Mindfulness is an effective way to take care of your body and mind—even if you aren’t even working out on a regular basis— and earn rewards in the Movecoach Challenge along the way!  Click here for 7 Ways to Take Mindfulness Minutes at Work.

How it Works

There are 4 different ways that you, as a Movecoach participant, can log your Mindfulness Minutes:

  • 1. Manually: You’ll log your activity just as you would for another type of workout. Select “Log,” then choose the “Other” category.  For Activity Type, select “Other”or “Take a Class.” For Workout Type, select “Mindfulness.”

  • 2. Automatically via Healthkit: iOS participants can enter their mindfulness minutes with HealthKit. By syncing Healthkit with Movecoach, the mindfulness minutes will automatically upload to the Movecoach log, and be taken into account as rewards are distributed.

  • 3. Automatically via Fitbit: iOS participants can enter their mindfulness minutes in the Fitbit App. By syncing Fitbit with Movecoach, those minutes will automatically upload to the Movecoach log, and be taken into account as rewards are distributed.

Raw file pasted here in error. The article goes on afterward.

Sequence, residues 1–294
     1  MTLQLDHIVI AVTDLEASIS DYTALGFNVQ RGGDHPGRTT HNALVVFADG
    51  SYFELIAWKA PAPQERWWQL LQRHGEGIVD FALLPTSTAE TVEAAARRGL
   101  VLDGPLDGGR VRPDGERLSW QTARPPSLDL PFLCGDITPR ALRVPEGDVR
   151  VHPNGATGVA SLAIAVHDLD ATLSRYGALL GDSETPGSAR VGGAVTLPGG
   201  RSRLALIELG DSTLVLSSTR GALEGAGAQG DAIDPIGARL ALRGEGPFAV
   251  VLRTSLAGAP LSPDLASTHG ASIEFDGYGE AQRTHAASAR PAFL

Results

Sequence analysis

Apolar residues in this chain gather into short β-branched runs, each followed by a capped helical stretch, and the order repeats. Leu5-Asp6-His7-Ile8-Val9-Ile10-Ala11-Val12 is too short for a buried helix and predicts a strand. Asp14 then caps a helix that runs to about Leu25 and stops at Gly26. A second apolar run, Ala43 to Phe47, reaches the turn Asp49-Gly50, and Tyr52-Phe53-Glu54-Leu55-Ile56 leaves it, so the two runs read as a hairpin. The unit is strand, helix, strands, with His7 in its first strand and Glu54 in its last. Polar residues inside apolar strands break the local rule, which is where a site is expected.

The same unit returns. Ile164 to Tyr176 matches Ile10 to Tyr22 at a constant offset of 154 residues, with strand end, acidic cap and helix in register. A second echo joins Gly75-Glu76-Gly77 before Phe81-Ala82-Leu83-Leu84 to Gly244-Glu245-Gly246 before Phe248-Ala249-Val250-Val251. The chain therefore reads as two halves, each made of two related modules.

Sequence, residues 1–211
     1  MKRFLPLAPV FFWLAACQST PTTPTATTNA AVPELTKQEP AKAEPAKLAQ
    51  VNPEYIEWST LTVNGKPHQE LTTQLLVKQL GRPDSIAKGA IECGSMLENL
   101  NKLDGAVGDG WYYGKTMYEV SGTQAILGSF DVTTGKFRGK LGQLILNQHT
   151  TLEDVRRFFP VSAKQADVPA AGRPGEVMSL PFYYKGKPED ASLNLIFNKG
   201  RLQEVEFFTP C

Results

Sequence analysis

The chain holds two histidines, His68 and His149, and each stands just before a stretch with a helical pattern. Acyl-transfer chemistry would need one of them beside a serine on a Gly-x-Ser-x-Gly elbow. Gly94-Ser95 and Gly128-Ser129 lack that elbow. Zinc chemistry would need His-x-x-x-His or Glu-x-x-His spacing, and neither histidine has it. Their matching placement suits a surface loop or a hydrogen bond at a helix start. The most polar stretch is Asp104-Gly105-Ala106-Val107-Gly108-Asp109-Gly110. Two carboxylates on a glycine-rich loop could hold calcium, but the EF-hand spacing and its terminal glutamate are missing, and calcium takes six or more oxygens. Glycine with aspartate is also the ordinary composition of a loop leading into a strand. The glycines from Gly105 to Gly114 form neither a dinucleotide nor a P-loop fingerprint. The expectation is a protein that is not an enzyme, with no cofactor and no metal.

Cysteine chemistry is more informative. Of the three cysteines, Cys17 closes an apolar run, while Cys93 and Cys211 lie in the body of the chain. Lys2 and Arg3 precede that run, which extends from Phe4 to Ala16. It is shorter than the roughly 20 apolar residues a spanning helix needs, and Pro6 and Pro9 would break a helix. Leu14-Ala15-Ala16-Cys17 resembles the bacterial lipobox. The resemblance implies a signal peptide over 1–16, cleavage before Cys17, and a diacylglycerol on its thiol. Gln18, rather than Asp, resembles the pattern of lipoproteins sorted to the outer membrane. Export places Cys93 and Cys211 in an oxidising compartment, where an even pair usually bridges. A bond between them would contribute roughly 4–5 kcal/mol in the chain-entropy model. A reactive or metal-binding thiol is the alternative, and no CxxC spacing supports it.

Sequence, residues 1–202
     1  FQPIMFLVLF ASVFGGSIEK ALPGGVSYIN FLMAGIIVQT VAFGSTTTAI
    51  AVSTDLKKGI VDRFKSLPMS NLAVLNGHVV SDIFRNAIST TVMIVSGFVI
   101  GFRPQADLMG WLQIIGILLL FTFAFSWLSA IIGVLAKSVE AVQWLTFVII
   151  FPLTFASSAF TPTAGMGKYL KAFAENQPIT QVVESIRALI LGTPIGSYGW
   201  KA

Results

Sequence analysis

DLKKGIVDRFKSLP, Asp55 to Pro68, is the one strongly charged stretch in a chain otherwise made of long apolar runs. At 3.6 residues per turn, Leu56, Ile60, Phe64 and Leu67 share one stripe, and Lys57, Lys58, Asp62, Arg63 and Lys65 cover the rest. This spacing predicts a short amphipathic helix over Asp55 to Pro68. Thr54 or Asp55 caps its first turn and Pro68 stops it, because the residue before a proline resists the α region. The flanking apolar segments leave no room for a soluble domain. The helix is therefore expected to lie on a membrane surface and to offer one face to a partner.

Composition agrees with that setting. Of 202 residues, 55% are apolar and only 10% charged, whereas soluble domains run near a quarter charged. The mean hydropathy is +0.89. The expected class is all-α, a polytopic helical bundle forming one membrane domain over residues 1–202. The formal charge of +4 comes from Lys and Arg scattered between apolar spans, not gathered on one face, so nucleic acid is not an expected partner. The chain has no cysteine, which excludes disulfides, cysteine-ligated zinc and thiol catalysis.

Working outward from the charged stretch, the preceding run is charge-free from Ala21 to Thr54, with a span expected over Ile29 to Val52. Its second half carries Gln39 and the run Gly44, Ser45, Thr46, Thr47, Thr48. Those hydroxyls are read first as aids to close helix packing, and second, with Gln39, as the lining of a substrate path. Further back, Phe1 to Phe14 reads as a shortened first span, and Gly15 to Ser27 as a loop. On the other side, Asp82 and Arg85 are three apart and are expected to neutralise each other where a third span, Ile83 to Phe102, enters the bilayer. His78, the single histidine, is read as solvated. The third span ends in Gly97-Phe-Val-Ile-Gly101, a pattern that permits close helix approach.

• 4. Automatically with other Apps: iOS participants can sync their HealthKit Apps with popular paid mindfulness Apps, such as Headspace and Whil.


What Counts as a Mindful Minute?
Apple HealthKit describes Mindfulness this way:

“A state of active, open attention on the present. When you’re mindful, you observe your thoughts and feelings from a distance, without judging them good or bad. Instead of letting your life pass you by, mindfulness means living in the moment and awakening to experience.”

Like physical exercise, mindfulness isn’t a one-size-fits-all proposition. You have the freedom to choose the mindfulness techniques that are most helpful to you.

Click here to learn about 7 Ways to Practice Mindfulness at Work.

Any questions? Contact us at coach@movecoach.com.


Click here to learn about 7 Ways to Practice Mindfulness at Work.

Any questions? Contact us at coach@movecoach.com.


Quad Stretch

May 13, 2019

 

You might notice that the front of your thigh gets sore after a hilly run or after a week of

increased mileage.  That soreness you feel is the 4 quadriceps muscles that make up

the front of the thigh.  Stretching them out will help in the recovery process. 

quad_stretch



Hamstring Stretch

May 10, 2019

 

Runners often complain of hamstring tightness.  Avoid this problem at all costs!  No

muscles group is an island - over time tight hamstrings will cause your hip rotators and

glutes to overcompensate and shorten.  So stay on top of stretching this important

muscle group!

hamstring_stretch



Here are six tips to help you start charging toward race day.